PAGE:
XMPP’s core messaging can be extended to create group sharing and social networking apps (for example ATOM-formatted feeds).
Three features make XMPP a great choice for powering social projects:
Firstly, because each user connects with their username (in XMPP-speak, their
JID), a social service can always be sure that only the right user is getting the right information. This baked-in security means XMPP is particularly a great fit for building secure group sharing applications.
Secondly, XMPP’s realtime nature means users of a social service will receive immediate updates when another user does something that involves them (for example:
you were @mentioned in firstname.lastname@example.org).
Finally XMPP’s publish-subscribe constructs make a great foundation for building activity-feed type applications. Users can post to their feed, and XMPP will take care of propagating the updates to that user’s subscribers in a secure way.
All of these projects make use of XMPP to enhance their social networking functionality.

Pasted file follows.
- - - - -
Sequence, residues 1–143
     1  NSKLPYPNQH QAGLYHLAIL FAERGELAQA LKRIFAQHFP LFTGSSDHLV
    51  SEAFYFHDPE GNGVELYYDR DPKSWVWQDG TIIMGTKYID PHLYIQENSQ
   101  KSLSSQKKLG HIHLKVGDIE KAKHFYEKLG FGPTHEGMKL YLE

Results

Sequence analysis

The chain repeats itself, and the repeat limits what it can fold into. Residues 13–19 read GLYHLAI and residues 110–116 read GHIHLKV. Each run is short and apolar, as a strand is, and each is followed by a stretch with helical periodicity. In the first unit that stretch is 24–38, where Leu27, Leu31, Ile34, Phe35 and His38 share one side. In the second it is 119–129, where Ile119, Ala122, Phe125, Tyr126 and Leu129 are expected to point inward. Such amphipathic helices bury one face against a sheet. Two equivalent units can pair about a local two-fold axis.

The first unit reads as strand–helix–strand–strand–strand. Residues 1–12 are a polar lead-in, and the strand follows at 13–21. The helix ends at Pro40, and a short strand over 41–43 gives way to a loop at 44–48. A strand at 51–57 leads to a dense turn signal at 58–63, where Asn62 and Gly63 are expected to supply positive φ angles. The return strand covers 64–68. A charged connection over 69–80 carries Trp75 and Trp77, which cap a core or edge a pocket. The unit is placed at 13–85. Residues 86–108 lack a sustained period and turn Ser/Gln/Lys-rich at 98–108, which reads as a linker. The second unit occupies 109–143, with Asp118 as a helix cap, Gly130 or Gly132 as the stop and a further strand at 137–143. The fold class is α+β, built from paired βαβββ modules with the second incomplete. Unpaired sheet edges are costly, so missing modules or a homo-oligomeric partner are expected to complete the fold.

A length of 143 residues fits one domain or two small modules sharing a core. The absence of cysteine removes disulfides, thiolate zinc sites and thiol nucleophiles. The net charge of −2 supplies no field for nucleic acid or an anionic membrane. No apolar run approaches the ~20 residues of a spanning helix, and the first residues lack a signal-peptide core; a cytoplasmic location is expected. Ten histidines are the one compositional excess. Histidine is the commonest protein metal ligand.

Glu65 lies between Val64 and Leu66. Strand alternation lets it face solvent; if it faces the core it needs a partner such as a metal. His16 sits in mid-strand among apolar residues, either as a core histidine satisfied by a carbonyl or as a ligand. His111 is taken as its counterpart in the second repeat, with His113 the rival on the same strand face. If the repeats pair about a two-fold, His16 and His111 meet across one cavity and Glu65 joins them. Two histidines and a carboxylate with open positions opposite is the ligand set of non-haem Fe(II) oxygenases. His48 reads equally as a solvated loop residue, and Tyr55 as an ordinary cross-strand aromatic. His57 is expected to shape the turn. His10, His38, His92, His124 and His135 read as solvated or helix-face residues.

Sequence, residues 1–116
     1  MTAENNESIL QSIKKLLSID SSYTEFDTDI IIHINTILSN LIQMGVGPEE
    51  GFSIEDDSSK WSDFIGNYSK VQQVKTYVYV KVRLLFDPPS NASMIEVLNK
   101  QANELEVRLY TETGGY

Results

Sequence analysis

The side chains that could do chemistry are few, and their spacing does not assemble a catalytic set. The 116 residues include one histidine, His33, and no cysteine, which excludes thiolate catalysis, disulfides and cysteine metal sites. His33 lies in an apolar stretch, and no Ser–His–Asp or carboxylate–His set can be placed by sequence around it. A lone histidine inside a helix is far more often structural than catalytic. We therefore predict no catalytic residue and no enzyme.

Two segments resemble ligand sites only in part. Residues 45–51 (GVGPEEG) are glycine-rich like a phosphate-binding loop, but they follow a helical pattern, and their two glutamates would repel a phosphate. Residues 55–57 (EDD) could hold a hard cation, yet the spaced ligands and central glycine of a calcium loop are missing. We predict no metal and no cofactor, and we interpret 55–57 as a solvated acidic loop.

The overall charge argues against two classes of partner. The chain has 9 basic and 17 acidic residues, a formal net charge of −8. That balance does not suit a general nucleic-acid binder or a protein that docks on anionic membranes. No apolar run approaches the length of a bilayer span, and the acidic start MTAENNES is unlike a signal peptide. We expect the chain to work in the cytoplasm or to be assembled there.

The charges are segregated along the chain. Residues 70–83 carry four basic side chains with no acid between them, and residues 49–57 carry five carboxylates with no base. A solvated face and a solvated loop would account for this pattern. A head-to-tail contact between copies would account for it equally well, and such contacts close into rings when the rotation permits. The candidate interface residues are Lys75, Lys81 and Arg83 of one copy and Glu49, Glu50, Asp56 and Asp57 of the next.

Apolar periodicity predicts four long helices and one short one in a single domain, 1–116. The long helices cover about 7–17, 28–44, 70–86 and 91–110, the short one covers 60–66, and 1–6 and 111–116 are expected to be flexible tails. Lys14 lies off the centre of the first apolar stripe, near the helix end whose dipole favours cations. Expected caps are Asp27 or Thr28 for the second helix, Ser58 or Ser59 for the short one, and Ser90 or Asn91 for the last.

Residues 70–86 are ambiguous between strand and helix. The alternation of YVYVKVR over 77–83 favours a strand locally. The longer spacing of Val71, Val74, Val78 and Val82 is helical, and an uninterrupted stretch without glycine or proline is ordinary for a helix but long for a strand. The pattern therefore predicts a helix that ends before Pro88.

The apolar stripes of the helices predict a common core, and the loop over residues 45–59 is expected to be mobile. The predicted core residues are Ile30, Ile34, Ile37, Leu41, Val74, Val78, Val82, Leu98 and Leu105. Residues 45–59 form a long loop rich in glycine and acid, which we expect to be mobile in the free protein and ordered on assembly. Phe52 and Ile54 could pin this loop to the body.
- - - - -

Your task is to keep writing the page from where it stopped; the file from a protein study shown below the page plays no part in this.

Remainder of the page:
|~1.5 billion||Push Notifications||Google provides an XMPP Interface (Link via WaybackMachine) to their push notification service. It’s also been rumoured that push notifications are delivered to the device via a proprietary binary XMPP protocol.|
|~500 million||Apple||Push Notifications||Apple uses XMPP to deliver push notifications to client devices.|
|Catapush||Push Notifications||Reliable and traceable Push Notification service on dedicated XMPP channel for Android/iOS/Windows.|
|Buddycloud||The Buddycloud Core messaging stack is a set of social services that include help developers build a complete social application and includes user-onboarding, content recommendation and media sharing features.|
|Movim||Movim is an XMPP-based distributed social networking platform.|
|Salut à Toi||Salut à Toi a Python based multi-frontend XMPP client featuring (micro)blogging, file sharing, games, etc. Libervia is its web frontend.|